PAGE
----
I am learning the value of resting, reflecting, trusting and grieving.
Not all grief is the result of a death, but often grief does result from a death of some kind. Dreams can be shattered when marriages are torn apart or when someone must face the struggle of infertility, broken relationships, illness or disability. Trauma or unexpected tragedy and even war and terror attacks reframe the way we see how the world functions and even the way we approach the day. Often, when grief is caused by something other than death, it is easy to believe that pushing past it is the appropriate thing to do. Sometimes, when faced with my own grief up next to the reality of another person’s, it is easy to dismiss my own as something trivial.
For many years I tried to skip the grieving part of my story. I wanted to forget about anything that caused my heart to ache and dismiss it as a waste of time or even selfish. I would take my best coping skill, pushing through, and I would maximize it to its highest potential. I learned how to be an expert at “suck it up, buttercup”.
Quite a few years of this unrecognized and dismissed grief and it did what most heartbreak does when left unchecked-it turned to anger, resentment and fear. Eventually, every time I came face to face with the reality of my grief, instead of sadness, I felt anger and resentment. When day would break and the sun would rise, I would be faced with fear of the unknown, because my heart was already so heavy.
This absence of grieving, it kept me stuck. Stuck in the past. Past dreams and plans and expectations were all that filled my thoughts. I wasn’t able to move forward because I was continuously reminded of what was, or what would never be.
This is not a good place to be.
Through some counseling, heart to heart moments with friends and some family, through much prayer and many tears, I was able to let go of what wasn’t any more.
Something beautiful happened through this process.
I was finally able to accept what life had become and I realized that, although there are still hard things, it is a beautiful life.
Sounds super simple, right?
That one sentence represents the key that released me from so much heartache, but it also required a lot of time and work.
But it was so, so, worth it.
In John 11, when Lazarus dies and Jesus finally arrives to raise him from the dead four days later, there is a lot of grief surrounding the entire situation. Mary and Martha are grieving, not only the loss of their brother but the fact that they knew Jesus could have saved Lazarus and he didn’t.
Mary, who had previously lavished love on Jesus, found herself paralyzed by her grief (v20) and didn’t even greet Him as He arrived. Martha, steadfast in her duty and probably of the “suck it up buttercup” kind of mind, was the one who went out to meet Jesus, all of her grief and doubts bottled up. It wasn’t until Jesus asked her, “do you believe?” and she responded with a “yes”, that she held onto the hope that there might be more to this story than she understood. She quickly ran back to Mary to bring her to speak with Jesus. Both of these women were dealing with their grief differently, and it took Jesus’ presence and questions to help them work through it. So many times Jesus will ask questions of His believers. He doesn’t ask it for His sake (He already knows the answer). He asks it for theirs, so they may begin to understand the depths of their own heart.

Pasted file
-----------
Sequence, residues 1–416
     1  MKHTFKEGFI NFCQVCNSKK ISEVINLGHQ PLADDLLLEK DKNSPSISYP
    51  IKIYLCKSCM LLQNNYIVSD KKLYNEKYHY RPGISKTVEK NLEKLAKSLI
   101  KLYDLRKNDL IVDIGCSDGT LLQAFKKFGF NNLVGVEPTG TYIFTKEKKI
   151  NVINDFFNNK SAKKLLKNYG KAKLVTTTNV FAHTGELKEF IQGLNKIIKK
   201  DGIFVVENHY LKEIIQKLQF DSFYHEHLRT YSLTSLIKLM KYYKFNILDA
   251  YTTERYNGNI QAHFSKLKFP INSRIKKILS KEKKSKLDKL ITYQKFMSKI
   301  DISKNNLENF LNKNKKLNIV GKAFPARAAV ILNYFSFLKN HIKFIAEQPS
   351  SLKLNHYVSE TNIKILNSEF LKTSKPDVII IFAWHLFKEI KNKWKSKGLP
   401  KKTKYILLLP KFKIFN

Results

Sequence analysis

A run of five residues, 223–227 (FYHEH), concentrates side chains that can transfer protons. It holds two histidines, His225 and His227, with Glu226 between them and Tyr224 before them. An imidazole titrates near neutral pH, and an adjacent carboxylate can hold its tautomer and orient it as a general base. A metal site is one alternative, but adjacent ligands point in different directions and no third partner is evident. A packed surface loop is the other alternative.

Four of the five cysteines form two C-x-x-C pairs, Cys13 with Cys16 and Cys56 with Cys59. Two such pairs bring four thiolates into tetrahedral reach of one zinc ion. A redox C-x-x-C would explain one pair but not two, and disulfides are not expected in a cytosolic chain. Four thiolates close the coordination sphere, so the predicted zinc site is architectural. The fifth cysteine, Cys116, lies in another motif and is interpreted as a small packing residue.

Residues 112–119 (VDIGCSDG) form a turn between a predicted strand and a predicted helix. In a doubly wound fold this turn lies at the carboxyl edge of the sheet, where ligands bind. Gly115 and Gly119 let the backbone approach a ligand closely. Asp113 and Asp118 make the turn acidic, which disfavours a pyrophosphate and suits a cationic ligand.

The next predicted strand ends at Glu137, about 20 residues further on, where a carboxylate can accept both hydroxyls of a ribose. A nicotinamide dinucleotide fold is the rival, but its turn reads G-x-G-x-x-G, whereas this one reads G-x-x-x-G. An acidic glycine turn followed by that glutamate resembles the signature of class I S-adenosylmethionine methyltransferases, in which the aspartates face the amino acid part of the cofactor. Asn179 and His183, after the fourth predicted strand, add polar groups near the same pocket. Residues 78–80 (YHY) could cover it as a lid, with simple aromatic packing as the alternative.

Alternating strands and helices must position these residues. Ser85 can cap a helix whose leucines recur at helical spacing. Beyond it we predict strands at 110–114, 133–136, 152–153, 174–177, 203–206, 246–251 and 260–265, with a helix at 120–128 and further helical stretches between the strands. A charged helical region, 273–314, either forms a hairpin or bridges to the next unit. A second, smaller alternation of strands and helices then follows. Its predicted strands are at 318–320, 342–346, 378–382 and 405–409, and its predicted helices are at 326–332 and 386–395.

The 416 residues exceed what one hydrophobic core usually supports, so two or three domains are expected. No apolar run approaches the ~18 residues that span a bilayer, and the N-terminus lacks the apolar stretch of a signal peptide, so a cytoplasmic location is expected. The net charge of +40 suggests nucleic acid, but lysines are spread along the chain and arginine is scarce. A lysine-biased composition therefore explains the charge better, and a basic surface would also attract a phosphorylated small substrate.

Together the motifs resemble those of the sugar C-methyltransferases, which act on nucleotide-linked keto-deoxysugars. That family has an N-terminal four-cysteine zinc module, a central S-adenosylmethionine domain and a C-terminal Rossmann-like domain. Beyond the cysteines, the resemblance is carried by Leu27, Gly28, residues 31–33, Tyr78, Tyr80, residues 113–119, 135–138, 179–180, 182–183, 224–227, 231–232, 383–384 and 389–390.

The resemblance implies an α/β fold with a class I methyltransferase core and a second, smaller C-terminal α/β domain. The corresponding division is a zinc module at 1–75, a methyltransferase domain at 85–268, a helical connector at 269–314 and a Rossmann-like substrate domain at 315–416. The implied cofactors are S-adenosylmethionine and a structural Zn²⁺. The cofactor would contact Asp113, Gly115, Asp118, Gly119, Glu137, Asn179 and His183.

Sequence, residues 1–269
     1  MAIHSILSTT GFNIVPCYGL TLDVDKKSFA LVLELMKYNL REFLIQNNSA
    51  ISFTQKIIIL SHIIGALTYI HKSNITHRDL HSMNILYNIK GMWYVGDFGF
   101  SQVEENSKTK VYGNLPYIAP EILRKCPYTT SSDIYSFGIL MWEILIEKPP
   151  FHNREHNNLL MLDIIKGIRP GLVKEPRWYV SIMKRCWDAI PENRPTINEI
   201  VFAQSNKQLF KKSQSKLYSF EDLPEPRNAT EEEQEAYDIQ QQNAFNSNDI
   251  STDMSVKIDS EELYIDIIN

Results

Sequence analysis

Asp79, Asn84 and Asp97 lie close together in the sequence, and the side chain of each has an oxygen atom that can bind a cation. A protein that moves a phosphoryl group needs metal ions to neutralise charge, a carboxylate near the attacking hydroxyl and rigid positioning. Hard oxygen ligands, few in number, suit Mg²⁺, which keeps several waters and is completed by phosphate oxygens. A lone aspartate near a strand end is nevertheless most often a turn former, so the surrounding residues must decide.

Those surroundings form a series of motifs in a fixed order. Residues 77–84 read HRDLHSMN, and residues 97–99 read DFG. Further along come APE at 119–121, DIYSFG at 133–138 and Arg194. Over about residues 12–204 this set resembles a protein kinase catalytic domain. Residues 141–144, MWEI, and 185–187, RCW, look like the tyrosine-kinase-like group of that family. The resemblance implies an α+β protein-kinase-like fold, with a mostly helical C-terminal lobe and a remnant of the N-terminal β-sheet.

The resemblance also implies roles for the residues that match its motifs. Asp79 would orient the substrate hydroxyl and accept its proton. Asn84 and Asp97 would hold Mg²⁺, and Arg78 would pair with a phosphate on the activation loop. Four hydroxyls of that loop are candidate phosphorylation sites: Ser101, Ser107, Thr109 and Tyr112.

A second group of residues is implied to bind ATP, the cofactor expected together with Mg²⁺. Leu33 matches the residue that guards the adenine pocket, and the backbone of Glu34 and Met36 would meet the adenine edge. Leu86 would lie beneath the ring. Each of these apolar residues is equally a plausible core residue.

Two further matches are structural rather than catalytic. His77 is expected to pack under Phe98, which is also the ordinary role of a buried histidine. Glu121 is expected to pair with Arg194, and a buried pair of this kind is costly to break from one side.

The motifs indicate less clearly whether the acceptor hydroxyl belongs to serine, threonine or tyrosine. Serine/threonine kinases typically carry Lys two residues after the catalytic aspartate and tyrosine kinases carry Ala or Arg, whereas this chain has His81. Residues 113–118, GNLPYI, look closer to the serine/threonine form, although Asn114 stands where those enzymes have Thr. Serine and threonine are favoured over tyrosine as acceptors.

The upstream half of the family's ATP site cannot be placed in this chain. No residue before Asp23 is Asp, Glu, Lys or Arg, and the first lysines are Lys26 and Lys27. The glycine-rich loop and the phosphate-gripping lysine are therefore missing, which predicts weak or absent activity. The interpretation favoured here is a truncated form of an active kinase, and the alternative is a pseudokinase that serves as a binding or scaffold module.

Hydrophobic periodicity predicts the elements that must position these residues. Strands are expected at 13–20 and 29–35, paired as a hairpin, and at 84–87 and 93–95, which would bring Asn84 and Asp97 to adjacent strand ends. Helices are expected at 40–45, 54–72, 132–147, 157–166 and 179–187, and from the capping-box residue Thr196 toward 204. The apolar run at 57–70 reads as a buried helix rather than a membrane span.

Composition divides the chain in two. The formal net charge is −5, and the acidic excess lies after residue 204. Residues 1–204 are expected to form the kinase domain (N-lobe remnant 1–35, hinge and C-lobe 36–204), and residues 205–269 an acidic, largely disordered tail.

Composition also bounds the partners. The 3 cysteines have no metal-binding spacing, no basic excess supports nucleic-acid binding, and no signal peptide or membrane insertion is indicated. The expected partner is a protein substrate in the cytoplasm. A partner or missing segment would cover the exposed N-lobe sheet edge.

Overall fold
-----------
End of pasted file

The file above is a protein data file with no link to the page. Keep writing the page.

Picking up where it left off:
Often it is in the grip of our own sorrows that our faith is tested. To know that Jesus stands with us and provides ways for us to be reminded of His restoring truth, faithful love and His eternal hope is vital. All we must do is be willing to have a conversation with Him.
There, at the tomb, Jesus saw all the grief, felt the sense of loss deep in His own spirit, and even though He knew what He was about to do (raise Lazarus from the dead!), He still joined in the grieving process.
Jesus Wept (v35).
The brokenness of this world will not leave any of us untouched.
But we have an Advocate and a Counselor Who knows first hand the heartbreak of being broken.
There is nothing productive or helpful about skipping to the “happy ever after” parts, nothing healthy about pushing through and past the heartbreak.
Grieving our own losses, as well as weeping with those who weep, is part of what makes us human.
I believe it is also important to remember that grief and self-pity are not the same things. Walking through suffering and processing heartbreak is one thing.
Sitting in a pit of pity is another.
Notice, Jesus wept and then He moved.
When He raised Lazarus, Jesus assigned Mary and Martha to the task of unwrapping his body from the burial clothes. They were removing, bit by bit, what had caused so much grief.
The death still happened, the burial clothes would still exist, but they were able to unbind from it all and move on because of Jesus’ direction and their obedience in action.
Grieving is a process, self-pity is a pit.
Grieving is a movement, sometimes slow or even backwards to recover from a wrong turn, but it does move us forward over time.
Self-pity digs the pit deeper and there the Light can be harder and harder to see.
Today I encourage you to take a moment to listen to your heart. To press pause on any “pushing through” you might be doing. To acknowledge grief where it exists and then to reach out to a trusted friend, fellow believer, or a counselor as you walk along the road of releasing the grief you carry to the One who promises to carry you. I trust that, through the faithfulness of Jesus, you will see beauty for your ashes. Beauty for ashes doesn’t diminish the experience that caused the grief. The process of grieving gives it it’s due and then frees our hands and hearts to hold new gifts of hope.
You only need to first let go of the ashes.
Isaiah 46: (ESV)
4 even to your old age I am he,
and to gray hairs I will carry you.
I have made, and I will bear;
I will carry and will save.